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More NI21 turmoil as John McCallister is rapped


Basil McCrea (left) and John McCallister

Basil McCrea (left) and John McCallister

Basil McCrea (left) and John McCallister

The bitter infighting that has plagued Northern Ireland's newest political party has erupted in public yet again, with NI21 now threatening its own deputy leader with disciplinary action.

Troubled NI21 has been on the brink of collapse since a major public falling out between leader Basil McCrea and his deputy John McCallister just before voters went to the polls last month.

At the weekend Mr McCallister expressed his anger that the party had halted an investigation into allegations of sexual impropriety by Mr McCrea with party staff –which Mr McCrea denies.

Mr McCallister said the probe being carried out by mediation firm Carecall was stopped because party chairperson Jane Howson did not give her permission for it to continue.

"I would welcome the process to continue, but it is not within my power to do that. The only one who holds that power is Jane Howson, who was appointed chair by Basil McCrea," Mr McCallister had said.

But last night NI21's executive committee directly contradicted its deputy leader. In a statement it said: "Neither the NI21 executive nor party commissioned this work by Carecall, therefore, contrary to Mr McCallister's statement, we do not have the power to stop it.

"Mr McCallister initiated the investigation, therefore all matters to do with the content of the enquiry and interviews have been discussed only with him and not with the executive."

The NI21 executive said it was now considering punishing Mr McCallister. It said that "given the serious nature of these events, the motivation behind them, their timing and the inevitable consequences of the same on the party", the executive "is currently considering what disciplinary action may need to be instigated against Mr McCallister".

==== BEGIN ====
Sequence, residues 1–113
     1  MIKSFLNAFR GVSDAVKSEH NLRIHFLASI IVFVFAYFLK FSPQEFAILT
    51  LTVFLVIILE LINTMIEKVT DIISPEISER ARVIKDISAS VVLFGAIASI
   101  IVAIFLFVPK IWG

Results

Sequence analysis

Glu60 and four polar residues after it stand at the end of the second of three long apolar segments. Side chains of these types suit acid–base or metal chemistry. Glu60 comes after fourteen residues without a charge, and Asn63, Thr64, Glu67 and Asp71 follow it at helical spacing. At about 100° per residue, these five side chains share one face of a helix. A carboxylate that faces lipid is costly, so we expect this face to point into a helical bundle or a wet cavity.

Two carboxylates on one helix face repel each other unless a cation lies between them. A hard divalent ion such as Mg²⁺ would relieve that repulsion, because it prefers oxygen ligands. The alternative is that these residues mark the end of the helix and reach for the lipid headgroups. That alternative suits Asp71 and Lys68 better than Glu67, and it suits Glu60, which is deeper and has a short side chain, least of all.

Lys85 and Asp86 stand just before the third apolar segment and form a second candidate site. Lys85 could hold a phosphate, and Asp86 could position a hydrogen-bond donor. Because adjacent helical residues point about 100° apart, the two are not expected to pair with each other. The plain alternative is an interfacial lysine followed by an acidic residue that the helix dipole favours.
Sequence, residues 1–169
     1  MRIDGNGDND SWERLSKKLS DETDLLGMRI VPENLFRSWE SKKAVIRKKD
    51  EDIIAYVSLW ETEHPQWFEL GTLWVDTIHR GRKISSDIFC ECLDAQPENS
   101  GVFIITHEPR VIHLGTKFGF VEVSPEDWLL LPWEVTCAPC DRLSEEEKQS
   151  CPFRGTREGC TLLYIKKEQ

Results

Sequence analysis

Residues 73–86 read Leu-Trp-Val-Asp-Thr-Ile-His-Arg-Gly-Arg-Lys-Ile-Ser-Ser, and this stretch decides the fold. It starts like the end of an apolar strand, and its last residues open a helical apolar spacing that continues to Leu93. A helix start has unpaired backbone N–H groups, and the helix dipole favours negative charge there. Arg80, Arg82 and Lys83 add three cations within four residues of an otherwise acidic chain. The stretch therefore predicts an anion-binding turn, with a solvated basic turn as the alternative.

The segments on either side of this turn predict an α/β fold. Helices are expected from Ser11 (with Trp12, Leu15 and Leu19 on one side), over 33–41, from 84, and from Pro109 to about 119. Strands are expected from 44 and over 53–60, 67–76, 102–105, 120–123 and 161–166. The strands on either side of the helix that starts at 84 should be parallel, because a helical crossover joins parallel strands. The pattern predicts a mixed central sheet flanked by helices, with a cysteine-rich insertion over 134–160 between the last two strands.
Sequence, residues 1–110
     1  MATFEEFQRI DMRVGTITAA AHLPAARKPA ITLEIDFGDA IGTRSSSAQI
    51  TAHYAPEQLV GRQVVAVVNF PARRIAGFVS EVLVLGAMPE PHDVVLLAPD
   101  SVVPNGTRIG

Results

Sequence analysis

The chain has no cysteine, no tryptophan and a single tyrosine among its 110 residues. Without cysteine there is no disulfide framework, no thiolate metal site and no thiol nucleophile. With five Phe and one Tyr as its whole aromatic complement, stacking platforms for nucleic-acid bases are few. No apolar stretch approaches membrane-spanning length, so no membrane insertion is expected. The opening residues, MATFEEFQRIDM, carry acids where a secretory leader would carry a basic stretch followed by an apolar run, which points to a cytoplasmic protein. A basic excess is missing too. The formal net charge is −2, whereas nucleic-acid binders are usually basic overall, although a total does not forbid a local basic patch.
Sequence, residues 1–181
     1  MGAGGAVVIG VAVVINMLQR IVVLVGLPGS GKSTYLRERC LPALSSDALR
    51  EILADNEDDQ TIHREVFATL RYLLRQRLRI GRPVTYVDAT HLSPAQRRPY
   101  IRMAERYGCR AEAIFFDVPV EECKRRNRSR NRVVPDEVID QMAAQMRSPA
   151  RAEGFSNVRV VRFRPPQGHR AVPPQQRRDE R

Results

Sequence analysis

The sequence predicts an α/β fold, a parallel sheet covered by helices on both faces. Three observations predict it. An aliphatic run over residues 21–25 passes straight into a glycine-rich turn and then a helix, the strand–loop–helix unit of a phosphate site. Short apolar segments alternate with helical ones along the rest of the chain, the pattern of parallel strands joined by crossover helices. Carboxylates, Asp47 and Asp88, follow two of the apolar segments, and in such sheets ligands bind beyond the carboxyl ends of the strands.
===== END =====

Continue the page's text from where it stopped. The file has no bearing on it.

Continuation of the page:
The executive said Carecall was initially contacted by Mr McCallister without any consultation. It said Mr McCallister only informed it of his contact with the company a week after it had happened.

The NI21 statement said no complaints or allegations had been received about Mr McCrea, so the executive took legal advice on how best to proceed to investigate what Mr McCallister described as "rumours".

"The legal advice was very clear that approaching Carecall to investigate this matter was 'wholly inappropriate' and that another, more appropriate course of action should be followed," it said.

"This advice was passed to Mr McCallister, who chose to ignore it and the wishes of executive, who wanted to abide by that legal advice and proceed accordingly."

The party executive slammed the "wholly inappropriate and unprofessional way" in which details of the process had been leaked to the media.

It said should any allegations be received, they should be investigated by an independent body reporting solely to the executive afterwards "and not in what appears to be a piecemeal fashion to those who would seem to wish to make personal political gain".


NI21 promised non-sectarian pro-Union politics when it was set up last June. But the party descended into chaos after its executive proposed dropping its unionist designation at Stormont. It then emerged that Mr McCallister had initiated an inquiry against Mr McCrea into claims of inappropriate sexual activity involving female party workers.

Belfast Telegraph